ST. PETERSBURG — Protesters rallied outside U.S. Rep. Charlie Crist’s office in downtown St. Petersburg on Monday, reflecting the national furor over impeachment proceedings against President Donald Trump for his dealings with Ukraine’s president.
On one side of First Avenue N people held up signs calling for impeachment and thanking Crist for standing strong.
On the other side, protesters decked out in red said none of the recent revelations suggesting Trump pressured Ukraine to dig up dirt on his political rival, Joe Biden, had shaken their faith in him. He deserves four more years in office, they said — or even eight.
Cars honked as they passed, though it was hard to tell who they supported. About 400 people came out for the lunchtime protest. The crowd supporting impeachment was nearly twice the size of the anti-impeachment crowd.
The dueling protests were triggered by a “Stop the Madness!” event headlined by effusive Trump supporter U.S. Rep. Matt Gaetz. Organized by the Republican National Committee outside Crist’s office, it called on him to withdraw his support for impeachment.
Gaetz’s incursion into a fellow congressman’s territory was to be part of a national Republican strategy to ramp up pressure on Democrats in districts they view as vulnerable.
But the Pinellas Democratic Party quickly organized a counter-protest to blunt the Republicans. Crist, meanwhile, wasn’t on the scene — he was busy at the Tampa Bay Ray’s playoff game to throw the ceremonial first pitch. His office released a statement about the rally, saying “protest and the right to free speech is as American as apple pie," while reiterating Crist’s support for impeachment.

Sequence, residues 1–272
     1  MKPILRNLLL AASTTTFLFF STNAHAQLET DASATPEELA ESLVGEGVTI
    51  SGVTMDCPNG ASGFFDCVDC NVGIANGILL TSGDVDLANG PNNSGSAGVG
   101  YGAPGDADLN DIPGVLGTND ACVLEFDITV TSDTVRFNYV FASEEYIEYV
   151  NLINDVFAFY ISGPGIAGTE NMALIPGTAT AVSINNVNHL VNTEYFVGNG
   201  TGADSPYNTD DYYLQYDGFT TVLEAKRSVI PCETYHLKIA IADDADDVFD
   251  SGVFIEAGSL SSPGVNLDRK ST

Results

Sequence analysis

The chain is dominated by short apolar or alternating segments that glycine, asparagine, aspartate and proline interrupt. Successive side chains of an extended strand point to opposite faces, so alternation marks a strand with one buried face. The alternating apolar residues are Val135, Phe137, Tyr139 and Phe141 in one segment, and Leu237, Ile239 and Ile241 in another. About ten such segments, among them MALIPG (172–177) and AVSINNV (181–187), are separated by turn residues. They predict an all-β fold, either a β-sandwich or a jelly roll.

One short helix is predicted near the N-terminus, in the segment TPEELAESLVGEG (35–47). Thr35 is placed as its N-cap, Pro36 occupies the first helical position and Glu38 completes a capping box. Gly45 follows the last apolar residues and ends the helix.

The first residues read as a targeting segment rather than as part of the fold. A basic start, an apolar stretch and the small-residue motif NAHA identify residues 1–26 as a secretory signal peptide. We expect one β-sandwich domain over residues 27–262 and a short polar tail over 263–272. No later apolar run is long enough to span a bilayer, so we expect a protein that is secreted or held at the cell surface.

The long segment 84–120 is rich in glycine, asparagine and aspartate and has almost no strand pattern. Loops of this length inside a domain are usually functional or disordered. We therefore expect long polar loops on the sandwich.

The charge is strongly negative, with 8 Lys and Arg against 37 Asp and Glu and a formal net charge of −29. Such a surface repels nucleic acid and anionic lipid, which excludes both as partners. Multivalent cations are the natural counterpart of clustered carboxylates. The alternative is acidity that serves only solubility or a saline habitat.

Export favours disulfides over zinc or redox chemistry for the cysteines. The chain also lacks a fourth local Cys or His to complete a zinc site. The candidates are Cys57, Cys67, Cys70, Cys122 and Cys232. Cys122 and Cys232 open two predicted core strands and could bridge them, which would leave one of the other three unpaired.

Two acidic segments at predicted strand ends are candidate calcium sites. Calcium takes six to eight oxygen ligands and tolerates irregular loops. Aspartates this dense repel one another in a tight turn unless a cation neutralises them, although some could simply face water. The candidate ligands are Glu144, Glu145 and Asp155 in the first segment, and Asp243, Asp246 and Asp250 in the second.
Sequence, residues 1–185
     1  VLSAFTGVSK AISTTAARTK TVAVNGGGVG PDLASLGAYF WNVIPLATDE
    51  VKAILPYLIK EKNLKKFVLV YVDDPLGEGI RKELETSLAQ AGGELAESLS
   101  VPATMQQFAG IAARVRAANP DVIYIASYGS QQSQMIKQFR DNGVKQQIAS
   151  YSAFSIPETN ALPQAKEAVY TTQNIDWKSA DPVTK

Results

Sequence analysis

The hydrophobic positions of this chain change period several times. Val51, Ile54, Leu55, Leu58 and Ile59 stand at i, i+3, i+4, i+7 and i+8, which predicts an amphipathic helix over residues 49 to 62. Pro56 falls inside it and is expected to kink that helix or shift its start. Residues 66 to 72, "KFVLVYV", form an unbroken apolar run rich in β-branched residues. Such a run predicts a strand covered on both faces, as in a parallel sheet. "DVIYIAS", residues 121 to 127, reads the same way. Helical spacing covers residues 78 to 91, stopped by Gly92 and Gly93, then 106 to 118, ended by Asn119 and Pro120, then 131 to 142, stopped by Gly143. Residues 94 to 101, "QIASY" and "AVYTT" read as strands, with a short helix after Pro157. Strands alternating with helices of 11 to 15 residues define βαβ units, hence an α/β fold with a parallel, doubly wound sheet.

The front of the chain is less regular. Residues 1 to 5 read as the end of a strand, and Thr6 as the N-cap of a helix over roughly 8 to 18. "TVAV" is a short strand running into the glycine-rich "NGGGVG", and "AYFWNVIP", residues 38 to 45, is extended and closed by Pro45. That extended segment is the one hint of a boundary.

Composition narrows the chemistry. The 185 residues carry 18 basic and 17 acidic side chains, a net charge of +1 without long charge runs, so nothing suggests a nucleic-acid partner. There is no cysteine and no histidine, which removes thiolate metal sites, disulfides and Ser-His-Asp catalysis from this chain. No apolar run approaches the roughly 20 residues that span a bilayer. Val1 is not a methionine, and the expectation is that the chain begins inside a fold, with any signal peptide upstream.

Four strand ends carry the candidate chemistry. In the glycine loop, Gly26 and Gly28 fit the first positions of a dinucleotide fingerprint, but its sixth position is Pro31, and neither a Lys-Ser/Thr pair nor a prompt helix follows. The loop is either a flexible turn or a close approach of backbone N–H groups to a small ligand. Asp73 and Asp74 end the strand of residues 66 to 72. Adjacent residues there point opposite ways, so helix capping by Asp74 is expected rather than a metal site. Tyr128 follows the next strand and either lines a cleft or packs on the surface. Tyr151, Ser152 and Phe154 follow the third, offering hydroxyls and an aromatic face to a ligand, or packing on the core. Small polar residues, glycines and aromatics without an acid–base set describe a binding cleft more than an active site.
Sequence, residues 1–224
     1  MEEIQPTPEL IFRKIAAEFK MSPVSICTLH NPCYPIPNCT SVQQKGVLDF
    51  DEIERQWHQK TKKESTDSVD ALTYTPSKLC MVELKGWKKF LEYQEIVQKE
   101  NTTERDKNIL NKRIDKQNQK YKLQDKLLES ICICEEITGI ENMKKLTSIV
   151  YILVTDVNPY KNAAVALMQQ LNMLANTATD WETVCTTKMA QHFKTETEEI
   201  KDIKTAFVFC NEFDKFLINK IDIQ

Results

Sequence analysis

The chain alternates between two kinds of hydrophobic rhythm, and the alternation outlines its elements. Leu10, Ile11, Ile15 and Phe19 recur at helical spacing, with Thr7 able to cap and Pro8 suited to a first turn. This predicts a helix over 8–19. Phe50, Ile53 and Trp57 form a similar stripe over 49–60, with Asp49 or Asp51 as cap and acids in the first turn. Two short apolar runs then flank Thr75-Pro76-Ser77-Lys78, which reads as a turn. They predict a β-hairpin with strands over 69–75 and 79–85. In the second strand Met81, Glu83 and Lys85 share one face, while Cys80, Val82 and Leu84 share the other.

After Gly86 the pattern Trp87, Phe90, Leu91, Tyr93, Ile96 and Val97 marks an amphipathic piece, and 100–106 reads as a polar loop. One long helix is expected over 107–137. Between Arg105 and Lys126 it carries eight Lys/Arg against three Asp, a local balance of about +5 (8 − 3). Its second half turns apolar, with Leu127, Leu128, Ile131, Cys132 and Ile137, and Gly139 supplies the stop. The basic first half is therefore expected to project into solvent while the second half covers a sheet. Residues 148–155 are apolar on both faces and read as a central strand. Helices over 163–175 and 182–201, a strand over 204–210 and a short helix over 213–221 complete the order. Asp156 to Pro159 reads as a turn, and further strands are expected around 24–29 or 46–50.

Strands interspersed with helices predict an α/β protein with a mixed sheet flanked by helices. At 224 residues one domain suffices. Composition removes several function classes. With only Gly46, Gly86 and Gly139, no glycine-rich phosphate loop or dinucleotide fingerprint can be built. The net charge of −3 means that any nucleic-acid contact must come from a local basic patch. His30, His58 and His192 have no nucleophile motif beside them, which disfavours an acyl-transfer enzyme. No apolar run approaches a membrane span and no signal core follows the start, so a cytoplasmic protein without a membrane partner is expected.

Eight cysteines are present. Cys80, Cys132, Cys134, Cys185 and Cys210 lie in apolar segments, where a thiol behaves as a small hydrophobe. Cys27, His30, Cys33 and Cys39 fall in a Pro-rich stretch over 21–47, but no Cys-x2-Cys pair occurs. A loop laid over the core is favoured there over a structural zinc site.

With less than an hour before the protest, however, Republicans announced that Gaetz wouldn’t be there. His team cited “a miscommunication on the RNC’s part.”
Most Republican protesters didn’t seem to mind and used the opportunity to show support for the president and hurl insults at those across the street. “Where’s your American flag?” a man shouted. One women blew kisses at her adversaries and pointed to her rear end.
Rosie Paulsen, Chairwoman of the Republican National Hispanic Assembly, said her support for the president boiled down to the strong economy. Originally from Ecuador, she said she didn’t want the U.S. to turn to socialism.
“Impeachment is another way for them to try to stop what he’s doing, which is putting America first,” said Paulsen, 49. “This is another way to smear his name.”
A red Camry drove up and Candace D. Meeks jumped out, waving a “Keep America Great” Trump 2020 sign. Meeks, a Hillsborough County substitute teacher, supports Trump’s prison reforms and economic and education policies.
Trump’s conversation with Ukrainian President Volodymyr Zelensky— which included him specifically asking Zelensky for a favor — looked to her like he was trying to protect the country. “That’s a leader talking to another leader, wanting to make sure things are legal inside their country,” she said.
Barbara Scott, Chairwoman of the Pinellas Democratic Party, said Democrats turned out in big numbers to send a message to Republicans like Gaetz that Crist’s constituents want him to continue pressing for impeachment proceedings.
“It is not common practice for one member of Congress to go into another members of Congress’s district to do this kind of thing," she said. “It really shows the kinds of tactics the Republican party is using.”
Albert Li, 50, said the whistleblower’s complaint is what drove him to the protest. After the Mueller Report came out, he didn’t support impeaching Trump because he knew the odds of a Republican-controlled Senate made success unlikely. But the latest wave of reporting on Trump’s dealing with Ukraine changed his mind.
“Trump was asking a foreign country to help dig up information on a political rival,” he said. “That’s obviously a crime.”